Yes, we’d suggest avoiding ever riding pillion with Joe Danger!
Most famous for its work on fairly violent fare such as console game, Resident Evil: Operation Raccoon City and, more recently, iOS title The Bowling Dead, Slant Six Games has experienced quite a change of pace lately. That change of pace has manifested itself in the form of Max’s Pirate Planet, an immediately adorable looking board game adventure for kids. With such a drastic change of focus, I thought I’d take the time to find out more about Slant Six’s thinking, courtesy of the game’s producer, Kelly Richard Fennig.
Kelly Richard Fennig
148apps: Max’s Pirate Planet is quite a change of pace from other titles, what was the inspiration behind making a children’s app?
Kelly Richard Fennig (KRF): You are absolutely right there! We are creating lots of new “firsts” in our studio right now, and Max’s Pirate Planet – A Board Game Adventure is our first children’s game and our first self published title. The inspiration for the game, came from a studio game design jam. Last year, a small 6 person team pitched this board-game set on a globe, about pirates, to be played on a tablet. The concept was definitely different from what we historically developed, there wasn’t a zombie or US Navy Seal in sight!
Creating such an entirely different game genre for a new audience was a welcome challenge for the team, and we wanted to see if we could successfully create an app kids would love…honestly it was way too fun of an idea to not make it. We enjoyed being able to step back in time and reminisce on our experiences playing classic board games with our families and the simple treasured moments they provide. As luck would have it, one of our artists has a brother who is a child psychologist, and his insights helped tremendously. We also did many play tests to see firsthand what the response was…So when the timing was right, we assembled a very small team to make the game…and 15 weeks later, Max’s Pirate Planet – A Board Game Adventure was born!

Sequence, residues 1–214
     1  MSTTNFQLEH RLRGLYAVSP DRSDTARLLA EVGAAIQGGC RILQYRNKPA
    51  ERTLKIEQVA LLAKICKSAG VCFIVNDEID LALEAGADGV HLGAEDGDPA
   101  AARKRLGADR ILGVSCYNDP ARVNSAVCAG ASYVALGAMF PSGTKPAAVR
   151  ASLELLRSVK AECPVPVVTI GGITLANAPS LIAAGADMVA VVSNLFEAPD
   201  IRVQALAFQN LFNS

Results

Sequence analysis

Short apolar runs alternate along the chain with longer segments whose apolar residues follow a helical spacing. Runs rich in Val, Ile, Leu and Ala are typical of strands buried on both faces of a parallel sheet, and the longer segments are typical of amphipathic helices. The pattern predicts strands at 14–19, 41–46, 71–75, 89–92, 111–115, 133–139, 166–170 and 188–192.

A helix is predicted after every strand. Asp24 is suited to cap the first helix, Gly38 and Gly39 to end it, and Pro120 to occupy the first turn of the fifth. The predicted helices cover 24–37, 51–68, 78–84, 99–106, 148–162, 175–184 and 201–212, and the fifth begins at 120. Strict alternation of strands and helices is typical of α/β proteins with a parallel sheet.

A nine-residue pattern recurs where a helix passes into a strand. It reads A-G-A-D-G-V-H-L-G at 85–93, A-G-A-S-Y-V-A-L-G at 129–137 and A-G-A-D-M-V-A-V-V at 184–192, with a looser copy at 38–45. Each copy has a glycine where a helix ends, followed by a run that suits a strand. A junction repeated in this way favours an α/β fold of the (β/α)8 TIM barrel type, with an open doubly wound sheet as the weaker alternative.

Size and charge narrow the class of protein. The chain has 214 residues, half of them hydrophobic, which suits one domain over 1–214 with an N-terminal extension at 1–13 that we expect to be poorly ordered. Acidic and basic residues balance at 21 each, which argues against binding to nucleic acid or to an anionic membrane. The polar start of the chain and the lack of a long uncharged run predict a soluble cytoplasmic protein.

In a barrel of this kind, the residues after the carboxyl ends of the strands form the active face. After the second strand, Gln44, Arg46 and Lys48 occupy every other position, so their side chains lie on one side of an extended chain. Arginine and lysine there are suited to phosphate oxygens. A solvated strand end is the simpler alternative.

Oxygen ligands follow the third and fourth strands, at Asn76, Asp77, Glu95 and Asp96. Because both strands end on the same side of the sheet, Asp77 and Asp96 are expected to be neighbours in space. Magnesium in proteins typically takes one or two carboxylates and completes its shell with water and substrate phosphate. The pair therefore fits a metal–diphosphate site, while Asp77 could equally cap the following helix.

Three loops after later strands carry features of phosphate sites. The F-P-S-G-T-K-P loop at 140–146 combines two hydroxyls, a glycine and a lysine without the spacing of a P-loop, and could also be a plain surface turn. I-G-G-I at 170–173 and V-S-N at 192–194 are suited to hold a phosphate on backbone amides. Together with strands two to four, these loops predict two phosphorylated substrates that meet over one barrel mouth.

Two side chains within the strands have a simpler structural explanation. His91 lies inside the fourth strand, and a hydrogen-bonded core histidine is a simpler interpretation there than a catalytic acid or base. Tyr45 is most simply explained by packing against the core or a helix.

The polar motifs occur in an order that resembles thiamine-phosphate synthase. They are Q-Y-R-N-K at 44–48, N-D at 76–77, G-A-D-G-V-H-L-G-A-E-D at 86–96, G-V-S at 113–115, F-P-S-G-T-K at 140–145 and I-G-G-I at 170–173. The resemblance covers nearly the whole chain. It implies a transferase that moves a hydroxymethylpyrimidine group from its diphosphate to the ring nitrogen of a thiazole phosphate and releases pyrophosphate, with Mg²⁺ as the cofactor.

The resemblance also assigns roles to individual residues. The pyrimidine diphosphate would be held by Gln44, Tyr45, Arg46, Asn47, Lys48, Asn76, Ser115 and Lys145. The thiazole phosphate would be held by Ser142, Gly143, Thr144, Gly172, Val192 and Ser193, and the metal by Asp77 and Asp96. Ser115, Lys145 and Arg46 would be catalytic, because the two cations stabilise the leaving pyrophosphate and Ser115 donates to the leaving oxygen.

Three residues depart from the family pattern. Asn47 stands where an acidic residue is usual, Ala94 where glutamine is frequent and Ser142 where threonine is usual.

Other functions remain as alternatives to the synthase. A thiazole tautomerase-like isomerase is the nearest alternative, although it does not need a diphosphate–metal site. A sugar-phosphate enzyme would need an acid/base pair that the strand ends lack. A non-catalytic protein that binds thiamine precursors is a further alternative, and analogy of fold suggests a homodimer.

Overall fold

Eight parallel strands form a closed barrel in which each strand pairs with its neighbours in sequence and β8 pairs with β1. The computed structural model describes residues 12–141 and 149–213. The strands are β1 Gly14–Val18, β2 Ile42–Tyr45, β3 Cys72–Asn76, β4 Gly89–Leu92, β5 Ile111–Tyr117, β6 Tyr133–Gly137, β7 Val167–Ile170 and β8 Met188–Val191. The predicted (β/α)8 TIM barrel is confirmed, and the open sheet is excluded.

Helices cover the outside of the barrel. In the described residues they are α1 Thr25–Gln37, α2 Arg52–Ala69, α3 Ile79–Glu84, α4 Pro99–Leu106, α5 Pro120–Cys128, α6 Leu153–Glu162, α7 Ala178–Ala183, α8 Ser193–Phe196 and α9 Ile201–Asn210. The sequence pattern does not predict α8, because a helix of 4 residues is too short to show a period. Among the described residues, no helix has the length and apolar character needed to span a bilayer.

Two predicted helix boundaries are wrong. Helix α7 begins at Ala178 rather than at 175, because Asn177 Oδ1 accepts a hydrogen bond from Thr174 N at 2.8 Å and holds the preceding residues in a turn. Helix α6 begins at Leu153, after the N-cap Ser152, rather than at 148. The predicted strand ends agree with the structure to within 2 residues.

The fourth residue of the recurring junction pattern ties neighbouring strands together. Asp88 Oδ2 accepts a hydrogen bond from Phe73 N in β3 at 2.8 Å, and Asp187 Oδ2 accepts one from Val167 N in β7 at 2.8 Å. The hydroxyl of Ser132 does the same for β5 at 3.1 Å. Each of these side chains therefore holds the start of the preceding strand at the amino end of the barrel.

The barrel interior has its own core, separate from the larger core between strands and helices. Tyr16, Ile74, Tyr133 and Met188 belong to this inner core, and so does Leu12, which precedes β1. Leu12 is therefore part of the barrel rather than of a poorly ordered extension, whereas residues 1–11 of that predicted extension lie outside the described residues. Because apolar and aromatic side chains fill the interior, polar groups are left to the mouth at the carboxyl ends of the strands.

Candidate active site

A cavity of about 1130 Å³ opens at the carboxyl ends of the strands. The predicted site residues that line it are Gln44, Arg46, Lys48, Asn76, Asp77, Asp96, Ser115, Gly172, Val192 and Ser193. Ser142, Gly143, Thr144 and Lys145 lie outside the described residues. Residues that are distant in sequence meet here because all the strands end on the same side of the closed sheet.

“If you’re going to try something so left-field of the norm, might as keep going left as possible and eventually it feels right.” (Some advice Slant Six’s Producer’s father told him as he was growing up)
148apps: It’s only just been released, but will there be any additional content for Max’s Pirate Planet in the future? KRF: We do have some content planned, but we are keeping this in our back pockets as further bonus material once the game has had a chance to gain popularity. As a product targeted at young children and also a board game, we wanted to avoid adding content via in-app purchases. This was a comfortable decision for us, as we know it will appeal to parents with young children. Our goal was to keep it very much like the experience families have when they buy a physical board game so all the pieces are complete. However, Max’s Pirate Planet – A Board Game Adventure has been designed to easily add more content if our customers are demanding it. We have already thought of additional characters, mini-games, and possibly even a new globe. In short, the more popular the game becomes, the more content we’ll keep adding to keep it exciting for players!
The Slant Six Offices